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  1. #1
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    Default Gait question! (posted on te breeding forum too)

    But since the rider wants to do dressage and I know a few folks here ride horses that have more than 3 gaits!

    Do young gaited horses can be confused with all those gaits? or is this young mare just lame?



  2. #2
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    Considering that many of these horses have been selectively bred for these gaits, it would be difficult for me to say that it is a lameness issue.

    I think it's a case of the horse doing what it was bred to do, vs an owner who wants the Walk, Trot and Canter of the more traditional breeds. Sorta like asking an eagle not to soar, but to flap his wings and dart like a swallow.
    Some riders change their horse, they change their saddle, they change their teacher; they never change themselves.



  3. #3
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    Default

    I think it somewhat depends on the horse. I ride Saddlebreds, and some of them can be taught to rack and slow gait, but they don't generally do it unless under saddle. One horse I ride will default to a slow gait or a rack if you don't give a strong enough canter cue. He is not confused about his gaits, he will just take advantage of rider error.



  4. #4
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    Default

    I have a RMH myself, and she will trot on a lunge/lounge/ longe line. Hardly ever under saddle. But I will go so far as to say that yes, its detrimental to the young horse to flounder along, mixing gaits, with no direction. If I ask my mare to gait off, and she picks up a trot we STOP and immediately start over. Im wondering if this newer rider is having trouble feeling what gait shes in, and asking for. If she wants to trot, I think its fine, albiet unusual. She needs to be very clear about TROT. In a young horse that hasnt really established gaits it seems like they drift along, in and out of a variety of gaits, and that just leads to clumsy, tripping horses. The gaitedness of these horses varies somewhat, so hard to say if the horse is just REALLY trotty in general- or what. A video would be helpful, and btw, there are a few really good youtube vids on gait to help nail what shes doing down. If shes not obviously lame other times, Im guessing she just has a mess of gaits and is head bobbing and/or hitching to get herself organized underneath herself.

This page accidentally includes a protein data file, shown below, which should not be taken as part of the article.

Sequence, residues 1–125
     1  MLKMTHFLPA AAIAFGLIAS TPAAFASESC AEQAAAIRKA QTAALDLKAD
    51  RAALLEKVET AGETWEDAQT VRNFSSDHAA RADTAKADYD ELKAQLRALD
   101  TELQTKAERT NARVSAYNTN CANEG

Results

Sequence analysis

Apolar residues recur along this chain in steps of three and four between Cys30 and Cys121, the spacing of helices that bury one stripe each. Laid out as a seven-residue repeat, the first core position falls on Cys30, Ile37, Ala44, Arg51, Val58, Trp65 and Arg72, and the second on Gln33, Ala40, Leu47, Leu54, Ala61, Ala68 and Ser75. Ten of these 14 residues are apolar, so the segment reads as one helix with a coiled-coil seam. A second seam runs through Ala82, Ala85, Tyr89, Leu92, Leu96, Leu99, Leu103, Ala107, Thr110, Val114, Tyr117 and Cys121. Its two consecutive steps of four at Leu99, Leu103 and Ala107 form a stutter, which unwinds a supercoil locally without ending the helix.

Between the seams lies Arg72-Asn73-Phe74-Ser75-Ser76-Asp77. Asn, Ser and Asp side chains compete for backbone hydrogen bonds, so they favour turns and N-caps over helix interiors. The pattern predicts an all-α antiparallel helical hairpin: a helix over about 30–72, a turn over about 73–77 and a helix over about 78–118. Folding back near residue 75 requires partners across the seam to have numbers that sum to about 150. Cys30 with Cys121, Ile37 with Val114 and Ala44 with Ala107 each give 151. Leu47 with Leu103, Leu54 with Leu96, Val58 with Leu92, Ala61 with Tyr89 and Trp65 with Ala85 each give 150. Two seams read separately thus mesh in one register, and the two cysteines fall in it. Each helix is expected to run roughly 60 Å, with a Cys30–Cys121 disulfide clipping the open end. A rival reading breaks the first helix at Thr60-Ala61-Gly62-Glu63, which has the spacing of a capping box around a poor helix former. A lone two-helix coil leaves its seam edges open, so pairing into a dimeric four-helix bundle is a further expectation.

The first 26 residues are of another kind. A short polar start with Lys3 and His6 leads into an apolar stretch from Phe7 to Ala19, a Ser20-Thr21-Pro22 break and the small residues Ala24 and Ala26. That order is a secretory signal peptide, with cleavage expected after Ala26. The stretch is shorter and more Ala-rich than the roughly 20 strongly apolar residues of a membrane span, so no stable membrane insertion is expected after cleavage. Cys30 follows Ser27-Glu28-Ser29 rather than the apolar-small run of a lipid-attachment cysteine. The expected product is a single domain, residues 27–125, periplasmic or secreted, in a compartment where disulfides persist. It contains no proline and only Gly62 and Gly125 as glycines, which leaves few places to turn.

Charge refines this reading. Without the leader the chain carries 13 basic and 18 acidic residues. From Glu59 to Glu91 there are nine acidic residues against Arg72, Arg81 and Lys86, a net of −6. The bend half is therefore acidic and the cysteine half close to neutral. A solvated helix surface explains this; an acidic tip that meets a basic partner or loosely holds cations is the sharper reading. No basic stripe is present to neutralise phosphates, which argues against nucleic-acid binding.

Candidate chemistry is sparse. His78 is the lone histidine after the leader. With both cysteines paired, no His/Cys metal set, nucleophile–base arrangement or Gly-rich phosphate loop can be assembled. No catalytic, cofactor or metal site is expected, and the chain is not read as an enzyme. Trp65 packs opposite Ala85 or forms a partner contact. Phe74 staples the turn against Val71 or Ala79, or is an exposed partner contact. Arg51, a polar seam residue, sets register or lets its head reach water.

ETA: head bobbing usually isnt found in horses that dont have a running walk (TWH) but SOME Rockies do have an intermediate gait that is more like a run/walk than a slowgair/rack and would nod a little more...
    Last edited by Griffyn; Jun. 16, 2013 at 05:33 PM. Reason: added something



  5. #5
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    Default

    I posted this on the other forum also.

    Your young friend may have bought this horse without understanding the difference between gaited breeds and those we are more accustomed to seeing (WTC types). The RMH breed gait is a 4-beat lateral. What you're seeing is probably the mare doing a bit of what comes naturally or slopping down to a pace. If this young lady is interested in dressage (competing), she might be fairly limited, as I'm not sure how 'mainline' dressage judges would deal with a pace - and even less sure what they would do with the breed's natural gait.

    On the other hand, if she simply wants to learn and apply dressage principles for the betterment of her mare, and if the trainer can adapt for the mare's breed and not try to hammer her into the trainer's concept of a correct way of going, why not? Dressage, after all, is simply "training".

    Donning flame suit - shutting up now.

    Here's a link to an explanation: http://www.brightonridge.com/about_gaits.html
    www.ayliprod.com